The Establishment of the Robert T. Stafford Federal Student Loan Program
The Establishment of the Robert T. Stafford Federal Student Loan Program
By: Robert T. Stafford
Date: November 8, 1965
Source: Stafford, Robert T. "The Establishment of the Robert T. Stafford Federal Student Loan Program." Title 20, Chapter 28, Subchapter IV. U.S. Code, November 8, 1965.
About the Author: Robert T. Stafford (1913–), a retired Republican politician from Vermont, served as the Governor of Vermont from 1959–1961 and in the United States House of Representatives (1960–1971) and Senate (1971–1989).
Until the 1950s, students enrolled in colleges and universities had few choices for financing their education. Scholarships, small government grants, and parent or student savings were the standard options; student loans were rare and generally administered as personal loans to parents from local banks. The G.I. Bill, which granted educational support to veterans, changed the landscape of higher education after World War II, as tens of thousands of veterans returned home from the war to enroll in universities and colleges, funded by the federal program.
Shortly after WWII, the federal government passed the National Defense Act, which offered low-interest loans to students entering into the sciences or mathematics in college. The program is now called the Federal Perkins Loan program, and the loans are made available to low-income students. In the late 1950s, economists such as University of Chicago professor Milton Friedman advocated providing direct loans for college students to help subsidize education. The Health Education Assistance Act of 1963 established loan programs for students of medicine and those studying public health, while the College Work Study Program, established in 1964, offered jobs to students that were federally subsidized, giving colleges and universities a ready labor force and students an opportunity for on-campus jobs. The 1965 Educational Opportunity Grant Program offered direct grants to lower-income students, and the Guaranteed Student Loan program, later renamed the Stafford Loan, followed.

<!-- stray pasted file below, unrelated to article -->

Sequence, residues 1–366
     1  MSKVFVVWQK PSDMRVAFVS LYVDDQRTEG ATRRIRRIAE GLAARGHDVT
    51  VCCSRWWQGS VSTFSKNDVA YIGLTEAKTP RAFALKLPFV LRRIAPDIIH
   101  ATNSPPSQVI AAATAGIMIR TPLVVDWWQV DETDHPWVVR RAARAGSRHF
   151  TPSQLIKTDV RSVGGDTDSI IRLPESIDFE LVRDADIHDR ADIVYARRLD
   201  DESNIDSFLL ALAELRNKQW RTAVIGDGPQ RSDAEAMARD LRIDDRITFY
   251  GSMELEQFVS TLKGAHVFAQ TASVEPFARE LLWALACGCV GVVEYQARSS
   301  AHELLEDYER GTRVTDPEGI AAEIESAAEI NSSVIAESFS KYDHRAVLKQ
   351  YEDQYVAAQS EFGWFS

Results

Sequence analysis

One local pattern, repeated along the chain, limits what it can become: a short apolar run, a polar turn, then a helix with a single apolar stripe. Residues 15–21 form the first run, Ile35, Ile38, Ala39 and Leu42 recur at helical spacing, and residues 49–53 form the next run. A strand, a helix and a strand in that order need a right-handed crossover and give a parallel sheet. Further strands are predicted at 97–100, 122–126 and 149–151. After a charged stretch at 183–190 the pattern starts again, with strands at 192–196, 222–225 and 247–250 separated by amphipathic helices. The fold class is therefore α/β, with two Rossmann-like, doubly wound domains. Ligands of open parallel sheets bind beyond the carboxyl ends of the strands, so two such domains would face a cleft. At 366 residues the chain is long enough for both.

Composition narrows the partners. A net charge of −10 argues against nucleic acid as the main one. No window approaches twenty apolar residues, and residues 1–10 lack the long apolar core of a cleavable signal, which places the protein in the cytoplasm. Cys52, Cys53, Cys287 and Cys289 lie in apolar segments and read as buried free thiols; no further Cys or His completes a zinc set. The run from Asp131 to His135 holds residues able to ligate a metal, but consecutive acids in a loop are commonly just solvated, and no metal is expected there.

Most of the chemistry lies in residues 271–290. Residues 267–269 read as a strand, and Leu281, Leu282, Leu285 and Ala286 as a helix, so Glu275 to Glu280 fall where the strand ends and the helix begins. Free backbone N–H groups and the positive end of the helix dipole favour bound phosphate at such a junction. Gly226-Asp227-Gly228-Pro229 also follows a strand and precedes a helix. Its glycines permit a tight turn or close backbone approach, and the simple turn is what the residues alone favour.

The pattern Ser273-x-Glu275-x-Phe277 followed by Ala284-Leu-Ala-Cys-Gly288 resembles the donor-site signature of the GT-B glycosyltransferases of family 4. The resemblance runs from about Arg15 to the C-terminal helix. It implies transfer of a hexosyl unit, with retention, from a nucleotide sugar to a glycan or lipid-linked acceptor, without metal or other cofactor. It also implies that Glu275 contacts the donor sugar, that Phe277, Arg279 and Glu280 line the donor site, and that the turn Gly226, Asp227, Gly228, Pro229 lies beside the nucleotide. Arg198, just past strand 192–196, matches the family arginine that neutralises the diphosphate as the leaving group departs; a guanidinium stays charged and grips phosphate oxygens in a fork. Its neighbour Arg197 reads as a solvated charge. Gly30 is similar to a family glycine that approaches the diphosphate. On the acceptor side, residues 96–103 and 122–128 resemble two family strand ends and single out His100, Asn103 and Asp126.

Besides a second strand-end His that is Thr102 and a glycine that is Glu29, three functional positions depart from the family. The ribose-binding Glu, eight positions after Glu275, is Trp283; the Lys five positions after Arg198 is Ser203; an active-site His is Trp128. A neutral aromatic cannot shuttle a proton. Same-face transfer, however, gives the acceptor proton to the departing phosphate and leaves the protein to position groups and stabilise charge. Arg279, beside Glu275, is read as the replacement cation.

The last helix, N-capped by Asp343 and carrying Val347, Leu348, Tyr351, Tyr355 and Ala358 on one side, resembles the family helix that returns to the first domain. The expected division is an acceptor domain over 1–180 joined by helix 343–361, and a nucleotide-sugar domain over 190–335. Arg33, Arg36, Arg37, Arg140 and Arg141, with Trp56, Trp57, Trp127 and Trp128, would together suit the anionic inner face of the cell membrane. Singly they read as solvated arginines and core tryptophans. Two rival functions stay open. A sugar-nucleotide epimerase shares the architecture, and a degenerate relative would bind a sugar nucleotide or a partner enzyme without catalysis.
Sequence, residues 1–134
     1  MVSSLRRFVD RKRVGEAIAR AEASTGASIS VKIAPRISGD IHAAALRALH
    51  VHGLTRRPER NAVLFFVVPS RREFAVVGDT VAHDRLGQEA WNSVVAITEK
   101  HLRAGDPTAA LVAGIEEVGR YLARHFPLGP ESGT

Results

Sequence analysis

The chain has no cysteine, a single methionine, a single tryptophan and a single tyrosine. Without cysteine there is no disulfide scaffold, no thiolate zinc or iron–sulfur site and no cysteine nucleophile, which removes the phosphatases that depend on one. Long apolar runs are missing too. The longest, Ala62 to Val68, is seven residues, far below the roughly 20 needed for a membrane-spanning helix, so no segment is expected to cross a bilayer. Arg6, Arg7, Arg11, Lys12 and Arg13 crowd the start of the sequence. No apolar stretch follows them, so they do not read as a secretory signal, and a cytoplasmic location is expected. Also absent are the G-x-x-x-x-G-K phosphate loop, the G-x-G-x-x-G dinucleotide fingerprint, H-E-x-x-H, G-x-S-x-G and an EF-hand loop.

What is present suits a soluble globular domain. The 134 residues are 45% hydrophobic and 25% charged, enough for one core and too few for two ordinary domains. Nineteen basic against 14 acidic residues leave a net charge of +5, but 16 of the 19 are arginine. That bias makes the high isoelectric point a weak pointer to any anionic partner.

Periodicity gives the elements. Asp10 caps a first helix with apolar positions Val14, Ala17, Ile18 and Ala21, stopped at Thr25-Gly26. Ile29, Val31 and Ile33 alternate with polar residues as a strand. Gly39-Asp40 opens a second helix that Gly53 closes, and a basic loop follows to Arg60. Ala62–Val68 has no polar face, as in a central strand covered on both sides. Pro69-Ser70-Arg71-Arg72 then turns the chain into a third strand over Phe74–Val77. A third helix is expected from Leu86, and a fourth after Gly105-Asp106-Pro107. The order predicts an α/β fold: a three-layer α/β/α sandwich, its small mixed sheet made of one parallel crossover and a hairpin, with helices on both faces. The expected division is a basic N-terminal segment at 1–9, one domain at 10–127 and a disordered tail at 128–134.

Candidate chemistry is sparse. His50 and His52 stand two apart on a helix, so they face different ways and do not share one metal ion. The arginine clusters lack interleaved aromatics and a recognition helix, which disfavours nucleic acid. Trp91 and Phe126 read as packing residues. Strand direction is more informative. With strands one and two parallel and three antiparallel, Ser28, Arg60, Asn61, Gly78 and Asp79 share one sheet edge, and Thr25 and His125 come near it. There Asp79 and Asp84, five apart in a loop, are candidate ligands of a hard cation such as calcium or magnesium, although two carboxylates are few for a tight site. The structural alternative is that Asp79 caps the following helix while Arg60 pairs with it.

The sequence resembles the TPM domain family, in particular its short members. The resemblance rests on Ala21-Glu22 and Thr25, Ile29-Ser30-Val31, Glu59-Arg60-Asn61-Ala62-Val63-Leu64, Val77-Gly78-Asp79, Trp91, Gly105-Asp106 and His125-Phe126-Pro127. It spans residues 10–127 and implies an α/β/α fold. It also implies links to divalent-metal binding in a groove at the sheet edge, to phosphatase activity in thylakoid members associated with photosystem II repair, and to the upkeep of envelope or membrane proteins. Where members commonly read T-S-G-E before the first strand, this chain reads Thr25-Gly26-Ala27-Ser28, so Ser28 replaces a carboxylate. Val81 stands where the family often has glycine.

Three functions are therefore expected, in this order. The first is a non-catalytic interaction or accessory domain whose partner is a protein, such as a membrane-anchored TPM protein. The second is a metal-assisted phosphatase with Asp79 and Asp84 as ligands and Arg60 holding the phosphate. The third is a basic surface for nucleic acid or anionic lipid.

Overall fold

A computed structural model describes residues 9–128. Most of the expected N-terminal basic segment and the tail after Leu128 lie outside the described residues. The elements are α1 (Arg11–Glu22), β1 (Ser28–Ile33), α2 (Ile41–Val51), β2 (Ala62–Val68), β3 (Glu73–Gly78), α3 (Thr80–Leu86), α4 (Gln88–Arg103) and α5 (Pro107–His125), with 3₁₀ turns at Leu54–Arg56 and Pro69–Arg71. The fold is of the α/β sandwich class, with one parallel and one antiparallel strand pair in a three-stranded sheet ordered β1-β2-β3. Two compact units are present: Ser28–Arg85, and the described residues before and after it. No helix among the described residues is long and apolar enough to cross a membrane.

While some states had loan programs, a federal student loan program gained momentum in the early 1960s and became part of the Higher Education Act of 1965. Championed by Vermont Republican Robert T. Stafford, the program was aimed at the lower and middle classes. Making higher education more accessible for greater numbers of students who were not veterans was viewed as a positive step in developing industry, maintaining scientific progress during the Cold War, and helping universities—which had expanded to meet the needs of veterans after WWII— to maintain high enrollments.
As greater numbers of African Americans and minority students, as well as female students, made their way through high school and on to college, student loan programs could also help these students to gain access to higher education.
SEC. 1071. STATEMENT OF PURPOSE; NONDISCRIMINATION; AND APPROPRIATIONS AUTHORIZED
- Purpose; discrimination prohibited
The purpose of this part is to enable the Secretary—
- to encourage States and nonprofit private institutions and organizations to establish adequate loan insurance programs for students in eligible institutions (as defined in section 1085 of this title),
- to provide a Federal program of student loan insurance for students or lenders who do not have reasonable access to a State or private nonprofit program of student loan insurance covered by an agreement under section 1078(b) of this title,
- to pay a portion of the interest on loans to qualified students which are insured under this part, and
- to guarantee a portion of each loan insured under a program of a State or of a nonprofit private institution or organization which meets the requirements of section 1078(a)(1)(B) of this title.